Homeland Security Watch

News and analysis of critical issues in homeland security

May 27, 2015

Belatedly Recognizing EMS Week

Filed under: Public Health & Medical Care — by Arnold Bogis on May 27, 2015

Last week was actually EMS Week, but I thought it is never too late to recognize the job that EMTs and Paramedics do during disasters, such as the flooding in Texas and Oklahoma, and everyday when they treat and transport a family member who’s fallen or had a heart attack.

The  National Association of Emergency Medical Technicians (NAEMT) provides a little background on EMS Week:

In 1973, President Gerald Ford authorized EMS Week to celebrate EMS, its practitioners and the important work they do in responding to medical emergencies. Back then, EMS was a fledgling profession and EMS practitioners were only beginning to be recognized as a critical component of emergency medicine and the public health safety net.

A lot has changed over the last four decades. EMS is now firmly established as a key component of the medical care continuum, and the important role of EMS practitioners in saving lives from sudden cardiac arrest and trauma; in getting people to the hospitals best equipped to treat heart attacks and strokes; and in showing caring and compassion to their patients in their most difficult moments.

Whether it’s the team at Grady EMS in Atlanta who had the expertise to transport the nation’s first Ebola patient, the volunteer firefighters and flight medics called to search for and rescue survivors in the Everett, Wash. mudslide or the thousands of EMS responses that happen 24 hours a day, 7 days a week and don’t make the news, EMS is there for their communities at their greatest time of need.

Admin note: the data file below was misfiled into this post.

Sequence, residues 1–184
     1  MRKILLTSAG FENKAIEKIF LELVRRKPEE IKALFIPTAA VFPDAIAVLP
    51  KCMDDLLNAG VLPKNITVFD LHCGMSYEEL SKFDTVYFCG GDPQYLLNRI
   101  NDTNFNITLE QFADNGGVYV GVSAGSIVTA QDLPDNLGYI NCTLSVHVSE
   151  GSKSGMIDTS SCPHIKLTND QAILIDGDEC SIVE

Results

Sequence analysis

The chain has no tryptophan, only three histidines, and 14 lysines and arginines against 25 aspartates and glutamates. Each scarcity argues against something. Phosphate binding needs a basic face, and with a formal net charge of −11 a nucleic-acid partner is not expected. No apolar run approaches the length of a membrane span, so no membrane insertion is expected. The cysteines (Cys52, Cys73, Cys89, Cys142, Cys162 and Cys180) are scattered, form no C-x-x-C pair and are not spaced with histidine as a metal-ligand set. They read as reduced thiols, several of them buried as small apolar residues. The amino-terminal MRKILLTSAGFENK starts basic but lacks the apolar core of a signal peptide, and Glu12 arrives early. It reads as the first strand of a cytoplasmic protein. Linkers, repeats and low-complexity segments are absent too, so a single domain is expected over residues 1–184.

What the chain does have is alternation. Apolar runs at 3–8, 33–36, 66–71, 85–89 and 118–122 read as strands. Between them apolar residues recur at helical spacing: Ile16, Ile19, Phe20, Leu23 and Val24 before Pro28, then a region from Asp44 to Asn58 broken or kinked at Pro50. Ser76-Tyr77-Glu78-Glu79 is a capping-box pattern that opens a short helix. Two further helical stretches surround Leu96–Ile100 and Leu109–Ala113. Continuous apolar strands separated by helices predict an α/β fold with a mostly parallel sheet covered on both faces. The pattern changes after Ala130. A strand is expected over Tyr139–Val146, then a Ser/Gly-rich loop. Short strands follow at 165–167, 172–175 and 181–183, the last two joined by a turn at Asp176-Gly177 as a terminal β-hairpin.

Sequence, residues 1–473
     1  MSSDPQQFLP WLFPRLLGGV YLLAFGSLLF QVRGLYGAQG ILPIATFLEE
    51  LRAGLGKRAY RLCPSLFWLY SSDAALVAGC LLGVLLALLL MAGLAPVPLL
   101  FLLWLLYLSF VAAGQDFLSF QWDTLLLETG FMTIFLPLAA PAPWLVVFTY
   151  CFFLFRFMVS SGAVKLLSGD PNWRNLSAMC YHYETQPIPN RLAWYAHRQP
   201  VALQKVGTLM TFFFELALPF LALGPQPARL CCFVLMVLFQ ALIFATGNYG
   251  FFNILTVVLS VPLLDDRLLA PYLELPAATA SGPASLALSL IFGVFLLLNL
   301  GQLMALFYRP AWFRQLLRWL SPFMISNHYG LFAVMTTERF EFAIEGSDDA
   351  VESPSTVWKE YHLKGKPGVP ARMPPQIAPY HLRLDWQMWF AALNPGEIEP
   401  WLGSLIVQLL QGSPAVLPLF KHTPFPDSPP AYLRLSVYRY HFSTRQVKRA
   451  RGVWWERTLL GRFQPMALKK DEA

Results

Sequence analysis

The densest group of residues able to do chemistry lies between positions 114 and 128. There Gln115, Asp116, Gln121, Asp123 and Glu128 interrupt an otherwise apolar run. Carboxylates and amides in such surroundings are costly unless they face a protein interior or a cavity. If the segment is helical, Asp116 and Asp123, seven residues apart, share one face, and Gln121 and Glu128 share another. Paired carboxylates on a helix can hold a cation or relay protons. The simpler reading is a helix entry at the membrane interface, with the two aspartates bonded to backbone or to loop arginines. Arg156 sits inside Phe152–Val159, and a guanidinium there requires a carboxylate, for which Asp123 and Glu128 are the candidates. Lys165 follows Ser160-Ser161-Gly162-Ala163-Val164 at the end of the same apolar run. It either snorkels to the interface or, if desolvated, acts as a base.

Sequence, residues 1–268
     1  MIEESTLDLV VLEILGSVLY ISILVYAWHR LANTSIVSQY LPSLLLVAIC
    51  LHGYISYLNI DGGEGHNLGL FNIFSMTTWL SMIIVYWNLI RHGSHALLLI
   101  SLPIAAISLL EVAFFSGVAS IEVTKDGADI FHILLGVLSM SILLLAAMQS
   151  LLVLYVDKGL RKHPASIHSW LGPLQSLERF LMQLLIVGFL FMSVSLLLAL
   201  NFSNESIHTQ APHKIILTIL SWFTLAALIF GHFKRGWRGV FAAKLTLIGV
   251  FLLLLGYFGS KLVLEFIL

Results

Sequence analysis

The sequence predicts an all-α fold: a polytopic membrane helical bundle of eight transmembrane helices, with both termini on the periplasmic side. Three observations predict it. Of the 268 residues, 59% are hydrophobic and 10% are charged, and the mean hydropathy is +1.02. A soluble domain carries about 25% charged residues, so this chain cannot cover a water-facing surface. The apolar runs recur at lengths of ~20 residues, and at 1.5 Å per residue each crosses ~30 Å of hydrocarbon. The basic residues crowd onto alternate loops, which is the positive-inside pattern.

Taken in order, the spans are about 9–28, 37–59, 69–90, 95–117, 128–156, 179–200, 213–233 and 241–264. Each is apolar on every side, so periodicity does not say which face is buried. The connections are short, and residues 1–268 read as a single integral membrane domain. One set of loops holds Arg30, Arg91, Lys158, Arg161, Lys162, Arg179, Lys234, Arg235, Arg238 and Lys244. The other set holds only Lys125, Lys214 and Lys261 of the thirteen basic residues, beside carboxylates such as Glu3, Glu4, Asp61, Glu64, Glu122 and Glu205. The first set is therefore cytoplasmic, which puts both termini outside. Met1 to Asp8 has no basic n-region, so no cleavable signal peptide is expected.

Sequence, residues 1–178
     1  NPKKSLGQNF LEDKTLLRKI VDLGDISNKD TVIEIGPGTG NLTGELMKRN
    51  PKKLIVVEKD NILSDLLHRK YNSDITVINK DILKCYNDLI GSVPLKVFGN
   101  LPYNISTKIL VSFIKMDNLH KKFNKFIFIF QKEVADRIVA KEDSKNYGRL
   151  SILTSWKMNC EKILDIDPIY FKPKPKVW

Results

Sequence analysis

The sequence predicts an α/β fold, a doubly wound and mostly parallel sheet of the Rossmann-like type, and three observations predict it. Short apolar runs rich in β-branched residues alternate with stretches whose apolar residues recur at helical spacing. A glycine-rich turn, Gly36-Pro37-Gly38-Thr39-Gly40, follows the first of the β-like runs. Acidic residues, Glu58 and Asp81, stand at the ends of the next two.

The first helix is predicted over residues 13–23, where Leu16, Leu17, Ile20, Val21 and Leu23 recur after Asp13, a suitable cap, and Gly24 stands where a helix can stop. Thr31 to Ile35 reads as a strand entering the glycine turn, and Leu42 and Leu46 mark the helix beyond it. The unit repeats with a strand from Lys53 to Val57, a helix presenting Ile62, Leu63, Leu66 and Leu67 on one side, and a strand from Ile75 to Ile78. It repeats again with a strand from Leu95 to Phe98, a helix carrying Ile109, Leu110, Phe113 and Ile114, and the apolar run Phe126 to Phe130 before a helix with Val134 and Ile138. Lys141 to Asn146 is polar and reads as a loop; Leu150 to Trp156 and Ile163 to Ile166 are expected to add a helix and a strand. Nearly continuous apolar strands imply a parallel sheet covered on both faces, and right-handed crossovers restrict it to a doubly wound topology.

Below I’ve posted a short video featuring Kevin Horahan, a paramedic as well as a Senior Policy Analyst within the Office of the Assistant Secretary for Preparedness and Response (ASPR) at the U.S Department of Health and Human Services (HHS).  He quickly spans EMS from the everyday response to their role in the healthcare system and role they play in helping to foster resilience.

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Comment by William R. Cumming

May 27, 2015 @ 11:44 am

Thanks for the post and video! Post 9/11/01 efforts were made to upgrade EMS and health preparedness. That effort now failing with respect to funding and staffing. Washington D.C. still has no requirement for a trained EMS/EMT on ambulances operating in the District. Perhaps UBER could take over the ambulance world like it is doing to the taxi world.

Comment by Tom Russo

May 27, 2015 @ 4:12 pm

These guys (and gals) are great responders that I admire for their mission focus. In my public health EM role, we worked constantly to integrate and support EMS with the solo-focused hospital systems in attempt to establish a region-wide medical network. EMTs understand this too well and appreciated the role and contribution of public health to improve this capability. Private sector hospitals looked to those preparedness funding to buy toys while EMS services looked to improve those region-wide capabilities…and their leadership did not retreat from those objectives.

In today’s ER roles and threat environments, their contributions have come to both full fruition and appreciation.

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